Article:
The intersection of inequality and climate change
Both inequality and climate change are hot topics, gaining traction as the bleak effects set in, but the intersection of the two demands far more attention and action. If we want to get serious on climate change, we must tackle inequality, and vice versa. Nowhere was this starker for me than on a recent family visit to California, directly before starting a new job with Oxfam in Somalia/Somaliland. Climate change is impacting all of us, yet our realities are worlds apart.
Once in a lifetime wildfires
Working in the humanitarian sector and regularly witnessing the bitter truth of forced displacement, I couldn’t help but notice the difference when my brother and sister-in-law’s family and I were ‘forcibly’ displaced during California’s recent wildfires – the most devastating on record. There was some chaos, but it was largely an orderly affair (although some locations were certainly chaotic). We packed some basics and irreplaceable items, rounded up their children, and set off to a relative’s house. On arrival, air conditioning was cranked, cold drinks distributed and calm largely restored. A stronger sense of community solidarity and care for strangers also emerged, often one of the few silver linings to a crisis.
Nonetheless, those staying in public shelters faced greater challenges, while people losing their homes without insurance faced even deeper consequences. For the insured, bring on the new for old. Inequality is heightened in times of crisis, exposing huge divides in people’s capacity to adapt. California’s wildfires have exposed and deepened inequalities, not just for individuals, but also urban-rural divides; where wealthier, urban communities find themselves far better protected from wildfire devastation than rural communities. I left my ‘internally displaced’ family members behind to start my new job in Somalia, content in knowing that they’d be fine.
The drought that never ends
The Somali landscape is primarily arid and unforgiving. Vultures fly ominously over our office daily. Before long, I was out to visit Oxfam’s work responding to the 2016 drought crisis that continues today. Famine was averted, but the situation remains dire: 2.8 million people displaced and 4.6 million still requiring humanitarian assistance. Halimo, a woman I met, summed up the experience of many:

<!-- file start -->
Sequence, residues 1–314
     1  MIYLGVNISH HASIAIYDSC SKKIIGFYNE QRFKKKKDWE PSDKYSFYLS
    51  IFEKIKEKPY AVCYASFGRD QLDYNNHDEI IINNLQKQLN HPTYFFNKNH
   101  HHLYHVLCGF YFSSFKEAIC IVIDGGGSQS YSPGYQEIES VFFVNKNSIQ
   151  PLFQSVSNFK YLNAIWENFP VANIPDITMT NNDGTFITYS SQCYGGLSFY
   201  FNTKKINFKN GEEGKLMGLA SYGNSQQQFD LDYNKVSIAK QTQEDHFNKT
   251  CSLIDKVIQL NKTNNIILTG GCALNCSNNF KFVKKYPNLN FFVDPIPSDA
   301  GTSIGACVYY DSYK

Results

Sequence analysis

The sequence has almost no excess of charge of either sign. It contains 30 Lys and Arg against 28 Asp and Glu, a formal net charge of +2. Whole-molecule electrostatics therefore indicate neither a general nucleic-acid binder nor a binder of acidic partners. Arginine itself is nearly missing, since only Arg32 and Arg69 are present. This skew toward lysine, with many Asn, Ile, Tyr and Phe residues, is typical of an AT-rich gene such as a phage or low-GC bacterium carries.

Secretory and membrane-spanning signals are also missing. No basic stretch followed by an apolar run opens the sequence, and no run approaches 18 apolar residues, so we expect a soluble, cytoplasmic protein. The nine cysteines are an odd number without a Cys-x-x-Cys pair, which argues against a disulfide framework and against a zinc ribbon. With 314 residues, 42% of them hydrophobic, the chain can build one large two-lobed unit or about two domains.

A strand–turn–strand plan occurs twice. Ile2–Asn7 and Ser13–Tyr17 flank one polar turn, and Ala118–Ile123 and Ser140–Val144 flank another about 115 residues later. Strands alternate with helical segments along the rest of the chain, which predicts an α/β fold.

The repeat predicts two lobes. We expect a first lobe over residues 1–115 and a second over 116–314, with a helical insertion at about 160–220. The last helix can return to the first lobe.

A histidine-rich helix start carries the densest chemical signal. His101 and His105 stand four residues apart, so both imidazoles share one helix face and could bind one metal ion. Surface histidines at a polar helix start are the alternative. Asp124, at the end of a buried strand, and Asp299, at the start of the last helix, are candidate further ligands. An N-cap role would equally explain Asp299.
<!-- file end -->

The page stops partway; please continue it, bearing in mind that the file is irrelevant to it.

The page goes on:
“We lost all of our livestock due to the drought – goats, sheep, camels and donkeys. Some were for transport and others for income, such as milk and meat. It was a tragedy… We have no plan to return because there is nothing to go back to. There has been lots of rain, but who wants to eat grass?”
Inequalities compound climate change impacts
Comparing my experiences in California and Somalia exposes not just the immense inequality of climate change impacts, but also the snowballing inequality in adaptation. For the world’s most at-risk, climate change related crises are often a double whammy of losing both your (uninsured) assets and your livelihood. Violent conflict over competition for resources is a reality for many, while women are more negatively impacted than men. The impact is exacerbated by the resource constraints of governments in countries like Somalia, where the majority of the most vulnerable people live.
Violent conflict over competition for resources is a reality for many, while women are more negatively impacted than men.
In contrast, my home country of Australia built an (emissions intensive!) desalination unit during the last extended drought and the current federal government just launched a AU$5 billion drought fund to help people like Halimo that are fortunate enough to live in Australia.
Delving deeper, the climate change and inequality intersection is even more striking. A temperature rise for the wealthy is offset by air-conditioning and holidays, perversely, contributing further to warming the climate. One’s personal motivation to address climate change can cool along with the air billowing out of the AC. Sufficient insurance that is more readily available to the wealthy eliminates the fear of losing everything.
Meanwhile, Halimo and billions more face the harshest realities of a changing climate with the least resources – a disparity that’s likely to grow as the impacts of climate change increase. Somalia may have escaped famine this time, but despite incredible resilience, Halimo and many others are at their wit’s end. Most people don’t have the cash to buy new livestock, and even if they did, pastoralism is increasingly unviable. As Halimo puts it, ‘who wants to eat grass?’